Parking rules under review in Midtown area

The city of Houston has been studying parking demand and pricing in a part of Midtown, depicted in this map, since January. (Courtesy Google Maps)
The city of Houston has been studying parking demand and pricing in a part of Midtown, depicted in this map, since January. (Courtesy Google Maps)

The city of Houston has been studying parking demand and pricing in a part of Midtown, depicted in this map, since January. (Courtesy Google Maps)

Houston officials are mulling a series of parking policy changes in Midtown, some of which may reduce congestion in the popular nightlife and dining destination.

The city has been studying the area’s parking demand and pricing since January, according to Maria Irshad, assistant director in the Houston Administrative and Regulatory Affairs Department.

“We have limited curb space. We can’t build any more, so we need to manage it effectively,” she said at a June 24 City Council transportation committee meeting.

Nearly half of the area’s parking spots are filled for 85% to 100% of peak hours. This encourages drivers to circle the area in search of street parking, she said.

Drivers searching for parking spots make up most of the area’s traffic during the peak hours, an issue Irshad said could be mitigated by encouraging visitors to carpool as well as use rideshares, public transit or other forms of transportation.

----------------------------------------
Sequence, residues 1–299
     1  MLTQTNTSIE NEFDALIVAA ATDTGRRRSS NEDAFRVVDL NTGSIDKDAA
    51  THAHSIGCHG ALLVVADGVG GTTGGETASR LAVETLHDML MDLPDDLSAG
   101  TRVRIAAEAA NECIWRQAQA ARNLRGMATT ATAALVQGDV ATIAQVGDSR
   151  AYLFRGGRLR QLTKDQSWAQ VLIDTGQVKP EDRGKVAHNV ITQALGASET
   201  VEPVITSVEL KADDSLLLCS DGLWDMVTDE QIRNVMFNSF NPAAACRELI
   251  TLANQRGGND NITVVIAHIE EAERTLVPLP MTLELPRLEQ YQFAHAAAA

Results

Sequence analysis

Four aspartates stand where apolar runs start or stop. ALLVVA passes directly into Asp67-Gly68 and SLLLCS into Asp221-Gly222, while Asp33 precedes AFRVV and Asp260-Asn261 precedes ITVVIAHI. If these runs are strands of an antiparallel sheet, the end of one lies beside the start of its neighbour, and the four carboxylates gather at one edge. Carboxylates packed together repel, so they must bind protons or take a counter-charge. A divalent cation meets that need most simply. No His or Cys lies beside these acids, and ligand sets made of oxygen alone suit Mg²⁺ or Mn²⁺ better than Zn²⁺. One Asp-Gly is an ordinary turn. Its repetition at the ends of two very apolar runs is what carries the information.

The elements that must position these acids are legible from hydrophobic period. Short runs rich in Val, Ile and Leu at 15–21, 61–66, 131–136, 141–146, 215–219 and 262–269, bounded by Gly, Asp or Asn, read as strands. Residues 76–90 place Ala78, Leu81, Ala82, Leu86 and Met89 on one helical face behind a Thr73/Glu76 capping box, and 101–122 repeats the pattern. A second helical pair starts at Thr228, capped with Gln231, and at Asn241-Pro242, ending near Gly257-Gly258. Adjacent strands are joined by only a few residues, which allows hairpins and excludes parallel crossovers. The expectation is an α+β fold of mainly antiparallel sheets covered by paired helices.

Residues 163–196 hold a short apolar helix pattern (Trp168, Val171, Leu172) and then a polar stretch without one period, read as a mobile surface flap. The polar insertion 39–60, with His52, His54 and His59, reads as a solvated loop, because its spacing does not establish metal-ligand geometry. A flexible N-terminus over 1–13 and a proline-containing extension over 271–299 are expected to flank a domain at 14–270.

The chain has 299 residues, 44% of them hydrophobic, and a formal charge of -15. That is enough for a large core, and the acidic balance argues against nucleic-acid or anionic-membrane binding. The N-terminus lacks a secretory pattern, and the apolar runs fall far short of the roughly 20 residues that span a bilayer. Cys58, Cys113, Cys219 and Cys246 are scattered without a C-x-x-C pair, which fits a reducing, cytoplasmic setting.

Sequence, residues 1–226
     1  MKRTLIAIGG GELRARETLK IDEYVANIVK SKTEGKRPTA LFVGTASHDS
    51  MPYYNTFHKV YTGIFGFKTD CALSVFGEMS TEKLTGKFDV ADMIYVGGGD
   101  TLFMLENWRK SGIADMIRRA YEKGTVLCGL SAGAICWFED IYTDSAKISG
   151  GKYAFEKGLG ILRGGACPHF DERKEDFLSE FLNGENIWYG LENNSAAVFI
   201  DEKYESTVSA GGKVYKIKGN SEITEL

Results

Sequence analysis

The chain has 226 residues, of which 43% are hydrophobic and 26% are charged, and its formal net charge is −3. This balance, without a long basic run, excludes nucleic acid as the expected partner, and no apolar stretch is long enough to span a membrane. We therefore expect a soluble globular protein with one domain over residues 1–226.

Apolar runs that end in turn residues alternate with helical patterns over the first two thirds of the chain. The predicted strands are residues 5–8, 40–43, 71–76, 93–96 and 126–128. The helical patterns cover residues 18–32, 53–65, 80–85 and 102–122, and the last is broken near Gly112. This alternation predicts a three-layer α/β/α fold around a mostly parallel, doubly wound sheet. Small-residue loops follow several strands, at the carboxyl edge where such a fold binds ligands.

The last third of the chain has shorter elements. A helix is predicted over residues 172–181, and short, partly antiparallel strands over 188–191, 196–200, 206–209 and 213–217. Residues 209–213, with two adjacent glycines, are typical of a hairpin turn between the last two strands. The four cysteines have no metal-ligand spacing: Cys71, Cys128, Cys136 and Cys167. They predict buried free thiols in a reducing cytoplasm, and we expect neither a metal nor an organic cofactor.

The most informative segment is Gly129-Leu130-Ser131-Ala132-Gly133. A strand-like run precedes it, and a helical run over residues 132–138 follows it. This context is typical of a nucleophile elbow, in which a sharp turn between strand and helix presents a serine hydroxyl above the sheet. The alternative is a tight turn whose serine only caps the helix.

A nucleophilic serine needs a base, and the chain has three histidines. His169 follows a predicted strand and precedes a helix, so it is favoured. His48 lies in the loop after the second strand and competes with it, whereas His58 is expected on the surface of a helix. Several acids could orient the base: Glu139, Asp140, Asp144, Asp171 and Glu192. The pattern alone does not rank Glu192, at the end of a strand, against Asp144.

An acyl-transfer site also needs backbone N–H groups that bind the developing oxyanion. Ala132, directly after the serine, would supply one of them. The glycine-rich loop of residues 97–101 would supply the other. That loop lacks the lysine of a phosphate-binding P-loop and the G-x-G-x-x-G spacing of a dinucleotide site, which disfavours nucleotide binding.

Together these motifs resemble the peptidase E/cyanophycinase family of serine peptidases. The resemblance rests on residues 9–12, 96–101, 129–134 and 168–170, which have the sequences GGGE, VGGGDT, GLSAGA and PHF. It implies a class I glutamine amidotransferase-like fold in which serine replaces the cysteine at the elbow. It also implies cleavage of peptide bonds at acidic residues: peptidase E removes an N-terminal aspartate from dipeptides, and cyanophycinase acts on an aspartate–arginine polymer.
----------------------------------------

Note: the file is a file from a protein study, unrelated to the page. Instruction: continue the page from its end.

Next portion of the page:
Council members will be presented with two potential policy changes by the end of fall, Irshad said. ParkHouston also extended parking hours from 6 p.m.-midnight at the end of August.

The department may also increase parking rates on any parking meter occupied for 85% or more of daily parking hours. That change, however, is one that is still under consideration, Irshad said.

The first potential change going before council is the establishment of a parking benefits district. The designation gives a portion of parking fee revenue to the Midtown Management District.

The management district is made up of area business owners who collect a fee on commercial properties to use on infrastructure improvements with its boundaries.

“It’s just not worth it for a parking lot owner to try and charge for the supply that they have available since people would rather circle for a free space or go park in a neighborhood,” said James Llamas, the urban planning chair of the Midtown Management District’s board. “I think the city [is] taking a good first step in smarter management.”

City Council will also consider the establishment of a community parking program in the outlying areas of the neighborhood, outside of the parking benefits district. Within the program’s boundaries, which are not yet drawn, residents would get parking passes, and nonresidents can be limited to no more than three hours of parking.
By Emma Whalen
Emma is Community Impact Newspaper's Houston City Hall reporter. Previously, she covered public health, education and features for several Austin-area publications. A Boston native, she is a former student athlete and alumna of The University of Texas at Austin.


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